But at the heart of it this is really a story of two people who don’t know how to talk to one another despite (as the text makes clear) having multiple languages at their disposal:

“Je vous en prie,” she began in French and continued in Wolof, “Please.” Her voice was hoarse. “Only you can help him. Please help him to be like you. Do what Uncle Thierno did for you. Look how lucky you are, how successful. The success of one is the success of the whole family. Babacar’s future is the future of us all.” She clutched at him, her long ring scratching his wrist as she grabbed his hands, pulling him around to face her.

He looked at her for a long time but he couldn’t hold her gaze. It wasn’t so much that he was afraid of what he would see but rather of what she would see, the feelings he did not care to admit even to himself. Somewhere deep down, Ibou experienced familial obligation as an intolerable irony.

 

To me the most obvious manifestation of this is in their differing perspectives over Ibou’s relationship with his partner Ghada. Ghada is Egyptian, and for reasons of class and income is comfortable with her family in ways that Ibou cannot be with his own. He sees her as an intellectual superior – he wishes that she could speak for him as she’d do a better job of explaining his feelings, he parrots her own words about her understanding of religion. It’s obvious that for all his estrangement from his family Ibou wants approval from his sister- when he gushes about his girlfriend he’s also waiting for a response, for Fatima to show interest or excitement over what matters to him.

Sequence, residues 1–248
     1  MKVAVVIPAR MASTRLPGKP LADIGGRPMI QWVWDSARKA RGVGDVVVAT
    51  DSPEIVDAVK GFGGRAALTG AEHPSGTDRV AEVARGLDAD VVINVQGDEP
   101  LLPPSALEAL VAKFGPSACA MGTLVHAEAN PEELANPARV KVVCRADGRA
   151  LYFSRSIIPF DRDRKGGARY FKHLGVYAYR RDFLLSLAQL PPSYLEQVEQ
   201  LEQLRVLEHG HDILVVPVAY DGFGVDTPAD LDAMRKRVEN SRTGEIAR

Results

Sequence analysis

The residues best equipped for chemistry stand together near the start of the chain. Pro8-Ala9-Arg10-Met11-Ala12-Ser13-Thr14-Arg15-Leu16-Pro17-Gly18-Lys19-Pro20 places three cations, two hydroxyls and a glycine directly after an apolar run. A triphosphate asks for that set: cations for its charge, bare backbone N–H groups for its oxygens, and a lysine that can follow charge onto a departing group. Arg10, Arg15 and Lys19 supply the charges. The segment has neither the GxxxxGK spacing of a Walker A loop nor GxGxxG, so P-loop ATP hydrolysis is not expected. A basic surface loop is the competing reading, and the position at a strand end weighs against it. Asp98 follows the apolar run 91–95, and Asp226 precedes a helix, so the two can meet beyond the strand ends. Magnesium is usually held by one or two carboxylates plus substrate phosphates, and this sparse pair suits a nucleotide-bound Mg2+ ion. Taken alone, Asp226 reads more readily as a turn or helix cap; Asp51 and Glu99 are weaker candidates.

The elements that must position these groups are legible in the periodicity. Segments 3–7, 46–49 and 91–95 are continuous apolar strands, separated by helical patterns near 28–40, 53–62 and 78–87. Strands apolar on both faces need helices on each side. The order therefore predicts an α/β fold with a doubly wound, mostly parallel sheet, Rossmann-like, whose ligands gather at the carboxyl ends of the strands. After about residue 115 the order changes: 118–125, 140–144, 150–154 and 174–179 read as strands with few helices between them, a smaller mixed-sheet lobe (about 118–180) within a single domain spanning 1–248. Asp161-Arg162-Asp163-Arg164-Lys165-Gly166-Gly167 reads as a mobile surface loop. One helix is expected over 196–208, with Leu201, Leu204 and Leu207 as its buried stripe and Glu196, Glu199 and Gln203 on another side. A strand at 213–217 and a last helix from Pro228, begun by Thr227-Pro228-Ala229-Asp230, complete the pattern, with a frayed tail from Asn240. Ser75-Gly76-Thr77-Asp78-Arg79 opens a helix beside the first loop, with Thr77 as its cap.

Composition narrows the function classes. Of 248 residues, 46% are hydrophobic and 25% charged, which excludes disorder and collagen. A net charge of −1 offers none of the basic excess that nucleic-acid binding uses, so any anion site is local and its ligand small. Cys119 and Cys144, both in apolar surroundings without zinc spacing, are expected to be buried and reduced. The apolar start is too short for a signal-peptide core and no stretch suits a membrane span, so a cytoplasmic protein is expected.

“Ghada has read the whole Koran,” Ibou said aloud, echoing his long-ago letter. “Religion for her is something she truly practices rather than obeys. It’s something that she interrogates and interacts with, wrestling with its contradictions and inconsistencies, those within her and those within the religion itself. She is not afraid of them you see, she doesn’t deny them, she faces them head on. We can only understand God’s word as it is translated by and through men. God is great but all religions are man-made and are therefore imperfect.”

Fatima held her breath. Were these Ibou’s words or Ghada’s? He sounded like he was reading from a book but his hands were empty. She had never known Ibou to be either religious or philosophical. Not trusting herself to reply, she slipped the foulard off and then expertly rewrapped the thick, starchy material around her head. She lowered her arms and twitched her shoulders so that the heavy gold embroidery bordering her collarbone shifted to the side leaving her left shoulder bare in the preferred style. It was her most expensive boubou, the one she had worn for Maimouna’s fourth child’s baptism. This entire readjustment took almost two whole minutes yet Ibou’s gaze was still fixed on her expectantly. Was she actually supposed to respond to that speech? Her mind churned to no avail.

Finally relenting, Ibou looked away and pulled his red baseball cap further down on his brow and turned his iPod back on, jamming the headphones deep into his ears.

 

And so these two people cannot help but hurt one another.

I don’t think “La Salle de Départ” is particularly ambitious in what it sets out to do. But it’s a very human story, and one that is generous to its characters. It’s not my favourite of the Caine Prize shortlist, but it certainly deserves to be there.

 

Other blog posts on this story:

Black Balloon
Backslash Scott
bookshy
Loomnie
Ikhide
Ayodele Olofintuade